I recently had the chance for a sweet reunion with Alice Medrich, an author, pastry chef, teacher, and expert in DESSERT! A few years ago I had the honor of working with Alice and Scharffenberger Chocolate, as we traveled to the test kitchens of major food magazines. It was a tasty, magical time for me, and I learned a lot about baking from her.
This month Alice came to Shed Healdsburg to promote a new Holiday Cookie Book she has produced.
She gave some great baking tips that I thought would help all of us who love to bake, especially this time of year.
Here are three takeaways:
1. Use a Scale
There are so many things that can go wrong when you bake, especially cookies, since they’re small. One of the best things you can do to ensure success is measure the weight of the ingredients with a scale.
“The only way to know if you’re using the right amount of flour is to use a scale,” says Medrich.
Using flour as the example, Alice pointed out that some of us store our flour in a canister where it’s a bit fluffy. Some of us store it in the bag, and maybe you have something on top of the bag, or a small child has sat on it?
One cup of dense flour vs. fluffy flour can make a big difference in the texture of a cookie. A scale will solve that issue.
2. Power Tools are Overrated
“Remember how your Grandmother’s cookies tasted so good?” asked Alice. “Chances are she didn’t own a mixer, and mixed them by hand.”
Like a true pastry chef, Alice tests EVERYTHING! She and her assistant tested several recipes and for each they barely creamed the butter and sugar together doing it by hand. They also made a batch where the butter and sugar were creamed together by hand, but a little more mixed together.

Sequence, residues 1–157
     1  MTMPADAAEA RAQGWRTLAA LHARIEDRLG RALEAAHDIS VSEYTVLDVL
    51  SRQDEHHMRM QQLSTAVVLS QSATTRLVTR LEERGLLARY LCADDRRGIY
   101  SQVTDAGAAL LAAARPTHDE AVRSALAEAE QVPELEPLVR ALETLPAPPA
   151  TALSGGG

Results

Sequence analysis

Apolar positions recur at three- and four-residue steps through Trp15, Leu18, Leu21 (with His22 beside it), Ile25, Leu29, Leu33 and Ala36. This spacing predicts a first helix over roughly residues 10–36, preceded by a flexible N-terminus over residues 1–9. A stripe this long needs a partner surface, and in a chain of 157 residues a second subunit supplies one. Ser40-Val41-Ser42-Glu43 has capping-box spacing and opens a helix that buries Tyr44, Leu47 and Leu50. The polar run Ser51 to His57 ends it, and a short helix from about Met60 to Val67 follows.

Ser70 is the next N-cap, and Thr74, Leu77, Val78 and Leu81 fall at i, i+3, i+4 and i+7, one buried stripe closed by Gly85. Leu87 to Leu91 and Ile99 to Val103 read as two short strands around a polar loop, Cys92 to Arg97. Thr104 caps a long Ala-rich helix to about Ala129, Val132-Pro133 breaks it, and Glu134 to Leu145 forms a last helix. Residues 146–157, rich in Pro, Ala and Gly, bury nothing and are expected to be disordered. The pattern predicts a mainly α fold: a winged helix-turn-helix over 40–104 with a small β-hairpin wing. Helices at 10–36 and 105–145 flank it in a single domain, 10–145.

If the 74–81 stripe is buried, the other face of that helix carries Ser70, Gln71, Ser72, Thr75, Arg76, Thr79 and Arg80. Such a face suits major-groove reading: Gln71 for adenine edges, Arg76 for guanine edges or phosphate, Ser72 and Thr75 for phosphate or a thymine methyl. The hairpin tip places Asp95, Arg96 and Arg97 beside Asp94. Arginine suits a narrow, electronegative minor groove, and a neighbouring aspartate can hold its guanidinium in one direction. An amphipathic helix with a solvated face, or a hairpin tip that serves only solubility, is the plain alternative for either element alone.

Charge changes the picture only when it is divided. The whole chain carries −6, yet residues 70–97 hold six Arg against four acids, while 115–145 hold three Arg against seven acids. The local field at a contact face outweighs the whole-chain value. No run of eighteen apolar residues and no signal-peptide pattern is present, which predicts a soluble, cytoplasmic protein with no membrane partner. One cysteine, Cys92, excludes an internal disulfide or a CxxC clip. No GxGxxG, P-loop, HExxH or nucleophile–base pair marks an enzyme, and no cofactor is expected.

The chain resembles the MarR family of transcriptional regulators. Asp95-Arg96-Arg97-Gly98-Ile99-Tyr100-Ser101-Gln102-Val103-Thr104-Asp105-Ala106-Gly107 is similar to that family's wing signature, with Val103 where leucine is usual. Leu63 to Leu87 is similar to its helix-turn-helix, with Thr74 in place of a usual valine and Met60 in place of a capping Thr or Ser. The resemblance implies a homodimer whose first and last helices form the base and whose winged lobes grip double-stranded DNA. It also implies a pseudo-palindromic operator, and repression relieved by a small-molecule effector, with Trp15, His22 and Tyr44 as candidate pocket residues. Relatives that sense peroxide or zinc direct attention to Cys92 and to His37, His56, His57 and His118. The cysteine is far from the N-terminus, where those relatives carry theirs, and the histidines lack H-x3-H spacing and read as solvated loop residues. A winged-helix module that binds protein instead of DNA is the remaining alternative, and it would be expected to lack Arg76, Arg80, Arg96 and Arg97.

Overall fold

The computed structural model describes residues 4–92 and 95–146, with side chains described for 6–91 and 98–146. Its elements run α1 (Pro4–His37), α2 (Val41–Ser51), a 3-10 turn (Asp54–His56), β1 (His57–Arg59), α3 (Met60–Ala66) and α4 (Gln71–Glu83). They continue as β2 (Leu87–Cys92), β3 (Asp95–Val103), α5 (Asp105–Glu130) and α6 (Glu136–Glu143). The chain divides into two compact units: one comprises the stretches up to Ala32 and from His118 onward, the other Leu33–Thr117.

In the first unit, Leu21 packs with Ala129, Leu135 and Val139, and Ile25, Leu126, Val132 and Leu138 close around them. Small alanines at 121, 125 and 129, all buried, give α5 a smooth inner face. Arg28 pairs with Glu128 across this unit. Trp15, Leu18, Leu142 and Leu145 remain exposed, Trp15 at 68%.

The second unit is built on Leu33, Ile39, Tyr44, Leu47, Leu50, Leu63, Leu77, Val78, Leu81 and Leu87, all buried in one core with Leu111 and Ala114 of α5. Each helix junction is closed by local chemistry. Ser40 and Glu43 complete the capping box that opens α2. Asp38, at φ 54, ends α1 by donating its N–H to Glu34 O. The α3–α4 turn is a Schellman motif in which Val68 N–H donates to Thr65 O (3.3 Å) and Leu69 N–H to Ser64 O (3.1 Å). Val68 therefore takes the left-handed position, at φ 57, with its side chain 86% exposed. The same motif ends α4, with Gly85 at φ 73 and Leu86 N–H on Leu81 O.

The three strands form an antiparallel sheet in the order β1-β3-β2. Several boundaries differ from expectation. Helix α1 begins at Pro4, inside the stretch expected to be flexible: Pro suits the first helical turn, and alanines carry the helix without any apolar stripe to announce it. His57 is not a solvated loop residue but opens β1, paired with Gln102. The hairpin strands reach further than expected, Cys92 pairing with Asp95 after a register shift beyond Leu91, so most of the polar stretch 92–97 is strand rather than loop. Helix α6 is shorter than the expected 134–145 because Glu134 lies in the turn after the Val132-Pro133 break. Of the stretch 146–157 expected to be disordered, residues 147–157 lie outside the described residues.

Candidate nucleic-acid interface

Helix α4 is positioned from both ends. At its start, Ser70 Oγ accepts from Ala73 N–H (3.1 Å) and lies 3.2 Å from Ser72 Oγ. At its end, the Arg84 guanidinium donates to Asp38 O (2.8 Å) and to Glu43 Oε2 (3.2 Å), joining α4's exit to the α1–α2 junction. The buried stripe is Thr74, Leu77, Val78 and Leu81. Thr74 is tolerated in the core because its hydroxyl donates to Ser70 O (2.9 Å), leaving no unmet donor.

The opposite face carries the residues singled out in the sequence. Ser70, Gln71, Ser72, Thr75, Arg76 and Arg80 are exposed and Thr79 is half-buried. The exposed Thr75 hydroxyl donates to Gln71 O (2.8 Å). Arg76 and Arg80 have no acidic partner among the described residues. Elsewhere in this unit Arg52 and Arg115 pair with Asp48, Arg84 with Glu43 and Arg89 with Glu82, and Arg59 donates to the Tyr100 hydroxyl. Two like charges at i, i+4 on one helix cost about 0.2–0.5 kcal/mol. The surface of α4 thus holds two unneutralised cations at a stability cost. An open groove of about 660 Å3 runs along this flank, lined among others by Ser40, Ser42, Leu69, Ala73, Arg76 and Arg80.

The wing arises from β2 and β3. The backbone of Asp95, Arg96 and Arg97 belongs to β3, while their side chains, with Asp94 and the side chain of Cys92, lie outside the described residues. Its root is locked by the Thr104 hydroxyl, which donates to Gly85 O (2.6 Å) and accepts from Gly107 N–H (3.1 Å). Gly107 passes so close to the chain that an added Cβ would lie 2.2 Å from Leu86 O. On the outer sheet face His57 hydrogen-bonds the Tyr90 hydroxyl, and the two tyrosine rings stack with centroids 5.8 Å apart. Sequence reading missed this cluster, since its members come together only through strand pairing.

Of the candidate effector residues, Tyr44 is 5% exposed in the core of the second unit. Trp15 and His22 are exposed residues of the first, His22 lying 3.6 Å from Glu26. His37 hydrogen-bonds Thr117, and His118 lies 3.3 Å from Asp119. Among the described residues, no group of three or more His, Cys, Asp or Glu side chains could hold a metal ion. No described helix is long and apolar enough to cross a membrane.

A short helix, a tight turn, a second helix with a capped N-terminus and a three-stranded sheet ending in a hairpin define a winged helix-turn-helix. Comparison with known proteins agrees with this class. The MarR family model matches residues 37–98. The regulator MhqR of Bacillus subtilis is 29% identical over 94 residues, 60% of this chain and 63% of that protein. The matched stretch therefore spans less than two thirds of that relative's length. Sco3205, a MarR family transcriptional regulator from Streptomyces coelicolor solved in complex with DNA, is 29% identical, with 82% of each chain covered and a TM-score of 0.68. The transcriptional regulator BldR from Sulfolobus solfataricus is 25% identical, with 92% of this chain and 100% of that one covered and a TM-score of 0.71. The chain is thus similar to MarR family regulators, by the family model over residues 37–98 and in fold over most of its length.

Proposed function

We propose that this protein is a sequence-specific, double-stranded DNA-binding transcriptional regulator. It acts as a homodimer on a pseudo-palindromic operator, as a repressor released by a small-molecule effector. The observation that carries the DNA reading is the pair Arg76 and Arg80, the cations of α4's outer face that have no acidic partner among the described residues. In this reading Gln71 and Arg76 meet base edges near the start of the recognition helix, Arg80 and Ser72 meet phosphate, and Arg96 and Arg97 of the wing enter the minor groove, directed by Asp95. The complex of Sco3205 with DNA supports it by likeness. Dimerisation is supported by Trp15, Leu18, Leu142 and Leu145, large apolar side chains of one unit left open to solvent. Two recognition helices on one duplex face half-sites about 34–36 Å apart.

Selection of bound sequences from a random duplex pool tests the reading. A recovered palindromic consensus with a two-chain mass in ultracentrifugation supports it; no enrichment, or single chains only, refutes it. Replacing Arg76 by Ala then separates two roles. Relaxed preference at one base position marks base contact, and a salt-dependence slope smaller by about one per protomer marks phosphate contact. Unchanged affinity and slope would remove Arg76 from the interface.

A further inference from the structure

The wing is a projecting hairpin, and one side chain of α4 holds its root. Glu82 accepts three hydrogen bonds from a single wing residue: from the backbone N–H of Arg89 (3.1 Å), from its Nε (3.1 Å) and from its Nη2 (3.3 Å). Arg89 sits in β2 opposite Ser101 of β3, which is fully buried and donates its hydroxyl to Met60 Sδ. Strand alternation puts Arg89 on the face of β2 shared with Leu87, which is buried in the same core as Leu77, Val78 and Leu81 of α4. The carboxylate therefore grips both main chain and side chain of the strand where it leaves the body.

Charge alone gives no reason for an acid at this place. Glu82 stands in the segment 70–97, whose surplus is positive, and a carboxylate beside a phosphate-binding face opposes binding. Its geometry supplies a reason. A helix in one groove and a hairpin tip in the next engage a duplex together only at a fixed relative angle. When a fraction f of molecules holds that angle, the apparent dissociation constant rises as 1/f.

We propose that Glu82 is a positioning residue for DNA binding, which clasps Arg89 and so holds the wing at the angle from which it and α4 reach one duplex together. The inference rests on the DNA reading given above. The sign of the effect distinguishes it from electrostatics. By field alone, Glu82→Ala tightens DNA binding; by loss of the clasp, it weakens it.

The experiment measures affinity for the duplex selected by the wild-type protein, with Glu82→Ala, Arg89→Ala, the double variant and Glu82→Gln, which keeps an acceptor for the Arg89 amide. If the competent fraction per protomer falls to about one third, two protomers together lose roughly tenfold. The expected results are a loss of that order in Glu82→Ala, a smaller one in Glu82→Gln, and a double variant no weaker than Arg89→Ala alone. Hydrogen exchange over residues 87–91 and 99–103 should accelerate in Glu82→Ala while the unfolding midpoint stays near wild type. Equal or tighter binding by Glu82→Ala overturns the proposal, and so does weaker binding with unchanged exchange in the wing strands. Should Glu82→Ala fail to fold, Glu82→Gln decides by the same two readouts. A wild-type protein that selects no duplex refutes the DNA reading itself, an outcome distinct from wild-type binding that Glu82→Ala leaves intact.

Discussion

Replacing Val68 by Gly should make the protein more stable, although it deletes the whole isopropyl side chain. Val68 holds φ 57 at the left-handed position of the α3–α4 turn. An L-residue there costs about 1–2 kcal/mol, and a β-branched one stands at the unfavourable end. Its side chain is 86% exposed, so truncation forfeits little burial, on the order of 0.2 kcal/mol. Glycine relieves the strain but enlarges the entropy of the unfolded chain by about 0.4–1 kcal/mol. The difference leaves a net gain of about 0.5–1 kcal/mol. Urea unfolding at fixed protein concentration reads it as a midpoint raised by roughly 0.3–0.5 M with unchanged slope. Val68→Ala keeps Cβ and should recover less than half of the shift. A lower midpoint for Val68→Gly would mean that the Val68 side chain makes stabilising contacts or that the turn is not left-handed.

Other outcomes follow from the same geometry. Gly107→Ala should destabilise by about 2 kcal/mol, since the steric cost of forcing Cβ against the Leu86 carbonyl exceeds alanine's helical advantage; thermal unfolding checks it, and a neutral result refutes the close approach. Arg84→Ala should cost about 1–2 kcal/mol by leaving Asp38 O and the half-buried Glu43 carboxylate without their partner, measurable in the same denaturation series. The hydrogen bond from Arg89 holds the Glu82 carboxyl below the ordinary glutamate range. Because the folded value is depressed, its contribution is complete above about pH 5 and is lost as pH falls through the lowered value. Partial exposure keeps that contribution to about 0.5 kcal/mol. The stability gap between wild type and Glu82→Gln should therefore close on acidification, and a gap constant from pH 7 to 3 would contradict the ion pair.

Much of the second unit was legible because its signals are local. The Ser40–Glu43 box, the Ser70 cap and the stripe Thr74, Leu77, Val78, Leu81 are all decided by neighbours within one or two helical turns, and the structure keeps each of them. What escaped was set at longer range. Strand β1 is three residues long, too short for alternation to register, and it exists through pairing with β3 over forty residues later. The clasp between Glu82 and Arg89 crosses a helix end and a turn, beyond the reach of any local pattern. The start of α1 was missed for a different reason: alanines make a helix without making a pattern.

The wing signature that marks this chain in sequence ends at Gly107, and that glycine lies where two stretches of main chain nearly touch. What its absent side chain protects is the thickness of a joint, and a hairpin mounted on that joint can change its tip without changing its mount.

Finally, they did a batch with a hand mixer and creamed the butter and sugar together in a frenzy. Alice says the majority of the time, cookie recipes tasted better when the butter and sugar were barely creamed together by hand.
Hmm…. I think I just found my new holiday workout!
3. Color is flavor
“Don’t be afraid to leave your cookies in the oven until you see some color,” advises Alice.
Many amateur bakers tend to remove cookies from the oven too soon in fear they will burn. Alice, who has spent an enviable amount of time savoring desserts throughout France, recalled that some of the great pastry shops there will serve Apricot tarts and other goodies that have some burnt edges.
This is done on purpose, as those crusty, delicious bits are a coveted bite for many dessert-lovers.
We hope these tips help your baking creations turn out perfectly.
The staff here at Holly Hansen Public Relations are happy to be taste-testers!